Jump to content
Sign in to follow this  
Ronald

What does Palatine mean?

Recommended Posts

    I think a definition is in order.  At least a construct that is stated.  I have been looking on line and in some books to determine what a "Palatine" means.  And? It isn't as simple as a definition.

                                              So, something from Wikipedia: https://en.wikipedia.org/wiki/German_Palatines

   Based on what I am reading there.  The coining of the phrase Palatine was specific to the Middle Rhine region and the emigrants that left Germany around 1709-1710 on their way to what ended up being the Colonies, England, and Ireland.  There are also indications that some in this migration came from a broader swath of land associated with the Palatinate. In summary, from a colonial perspective this "Poor Palatine" group came to the New York colony.

So what is the Middle Rhine?220px-Rhein-Karte.png.39593958c6ffac1bea 

       This map depicts the Middle Rhine as an area between Bingen in the south, and Bonn to the north.  What is clear to me?  My family hails from the Altstadt/Hachenburg area to the north and slightly east of Koblenz.  So I definitely have Palatine blood.  If this is the definition of the Palatines based upon their 1709/1710 emigration period it does at least establish the core region these people came from. But, there is the other statement that this area was not the sole factor in the 1709/1710 Palatine emigration, that others from a broader area called the Palatinate also were part of that event.

  So what is the Palatinate?

 

The County Palatine of the Rhine (German: Pfalzgrafschaft bei Rhein), later the Electorate of the Palatinate (German: Kurfürstentum Pfalz) or simply Electoral Palatinate (German: Kurpfalz), was a historical territory of the Holy Roman Empire, originally a palatinate administered by a count palatine. Its rulers served as prince-electors (Kurfürsten) from "time immemorial", were noted as such in a papal letter of 1261, and were confirmed as electors by the Golden Bull of 1356.

The fragmented territory stretched from the left bank of the Upper Rhine, from the Hunsrück mountain range in what is today the Palatinate region in the German federal state of Rhineland-Palatinate and the adjacent parts of the French region of Alsace (bailiwick of Seltz from 1418 to 1766) to the opposite territory on the east bank of the Rhine in present-day Hesse and Baden-Württemberg up to the Odenwald range and the southern Kraichgau region, containing the capital cities of Heidelberg and Mannheim.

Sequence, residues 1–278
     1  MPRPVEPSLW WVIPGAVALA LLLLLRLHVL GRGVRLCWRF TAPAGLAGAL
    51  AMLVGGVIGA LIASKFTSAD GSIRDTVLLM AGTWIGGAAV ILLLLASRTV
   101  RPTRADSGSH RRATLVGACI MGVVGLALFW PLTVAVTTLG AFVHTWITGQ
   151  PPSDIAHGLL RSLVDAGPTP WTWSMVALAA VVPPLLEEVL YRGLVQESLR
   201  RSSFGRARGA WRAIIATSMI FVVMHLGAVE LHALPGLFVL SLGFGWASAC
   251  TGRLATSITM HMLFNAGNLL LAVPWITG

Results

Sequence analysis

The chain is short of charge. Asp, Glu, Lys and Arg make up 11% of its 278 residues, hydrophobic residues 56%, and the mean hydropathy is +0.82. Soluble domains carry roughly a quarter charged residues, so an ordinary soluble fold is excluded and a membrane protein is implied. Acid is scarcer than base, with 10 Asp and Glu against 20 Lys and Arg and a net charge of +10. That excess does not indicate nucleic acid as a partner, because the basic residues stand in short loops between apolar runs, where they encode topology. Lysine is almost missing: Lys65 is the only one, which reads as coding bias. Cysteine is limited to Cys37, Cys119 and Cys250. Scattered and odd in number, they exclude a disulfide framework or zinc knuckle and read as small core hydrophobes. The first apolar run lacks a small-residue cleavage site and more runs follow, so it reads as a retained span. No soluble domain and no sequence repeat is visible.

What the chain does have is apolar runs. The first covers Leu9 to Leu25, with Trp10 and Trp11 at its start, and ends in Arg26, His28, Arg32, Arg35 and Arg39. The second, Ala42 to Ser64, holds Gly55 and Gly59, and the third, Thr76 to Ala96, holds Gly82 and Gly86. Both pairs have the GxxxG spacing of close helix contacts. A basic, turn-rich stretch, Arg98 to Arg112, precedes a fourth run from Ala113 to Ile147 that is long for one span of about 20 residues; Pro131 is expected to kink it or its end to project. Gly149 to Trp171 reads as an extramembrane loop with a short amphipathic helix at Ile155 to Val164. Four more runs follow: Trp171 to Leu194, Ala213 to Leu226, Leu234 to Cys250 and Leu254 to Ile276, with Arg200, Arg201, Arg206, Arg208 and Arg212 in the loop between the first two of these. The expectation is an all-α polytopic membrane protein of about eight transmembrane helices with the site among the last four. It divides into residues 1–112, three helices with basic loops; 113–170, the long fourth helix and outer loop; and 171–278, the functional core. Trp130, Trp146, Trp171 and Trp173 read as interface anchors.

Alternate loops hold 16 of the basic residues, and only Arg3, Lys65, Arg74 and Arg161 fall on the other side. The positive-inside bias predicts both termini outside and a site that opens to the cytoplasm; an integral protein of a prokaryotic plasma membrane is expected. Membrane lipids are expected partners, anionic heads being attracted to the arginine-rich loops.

The Counts Palatine of the Rhine held the office of Imperial vicars in the territories under Frankish law (in Franconia, Swabia and the Rhineland) and ranked among the most significant secular Princes of the Holy Roman Empire. Their climax and decline is marked by the rule of Elector Palatine Frederick V, whose coronation as King of Bohemia in 1619 sparked the Thirty Years' War. After the 1648 Peace of Westphalia, the ravaged lands were further afflicted by the "Reunion" campaigns launched by King Louis XIV of France, culminating in the Nine Years' War (1688–97). Ruled in personal union with the Electorate of Bavaria from 1777, the Electoral Palatinate was finally disestablished with the German mediatization in 1803.

 

  • Like 1

Share this post


Link to post
Share on other sites

So, if I understand correctly, the Palatinate is a larger region which encompasses Palatine. The Palatinates being this group of 24 districts and 12 urban areas. If so, I think the Palatinates is the start of where we want to focus the research group.

Share this post


Link to post
Share on other sites

Seems that would be a good assumption for now.

Share this post


Link to post
Share on other sites

The term Palatine was used generally by English officials to indicate any immigrant from Germany in the 1700's. So often this term was used for Germans who were not from the Palatine region.

Share this post


Link to post
Share on other sites

It is pretty wide open it seems.  Many of the ships records even write it as Palatines.

Share this post


Link to post
Share on other sites

Create an account or sign in to comment

You need to be a member in order to leave a comment

Create an account

Sign up for a new account in our community. It's easy!

Register a new account

Sign in

Already have an account? Sign in here.

Sign In Now
Sign in to follow this  

×
×
  • Create New...